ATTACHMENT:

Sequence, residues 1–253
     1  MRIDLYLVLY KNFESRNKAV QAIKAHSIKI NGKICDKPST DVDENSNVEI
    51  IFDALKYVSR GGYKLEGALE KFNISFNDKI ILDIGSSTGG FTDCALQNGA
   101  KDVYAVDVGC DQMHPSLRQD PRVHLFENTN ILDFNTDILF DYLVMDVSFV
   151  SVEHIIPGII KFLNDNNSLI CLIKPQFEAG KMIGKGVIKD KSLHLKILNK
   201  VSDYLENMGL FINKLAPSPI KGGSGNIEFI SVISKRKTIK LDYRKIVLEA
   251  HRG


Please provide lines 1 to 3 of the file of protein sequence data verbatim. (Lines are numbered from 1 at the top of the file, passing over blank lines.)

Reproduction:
Sequence, residues 1–253
     1  MRIDLYLVLY KNFESRNKAV QAIKAHSIKI NGKICDKPST DVDENSNVEI
    51  IFDALKYVSR GGYKLEGALE KFNISFNDKI ILDIGSSTGG FTDCALQNGA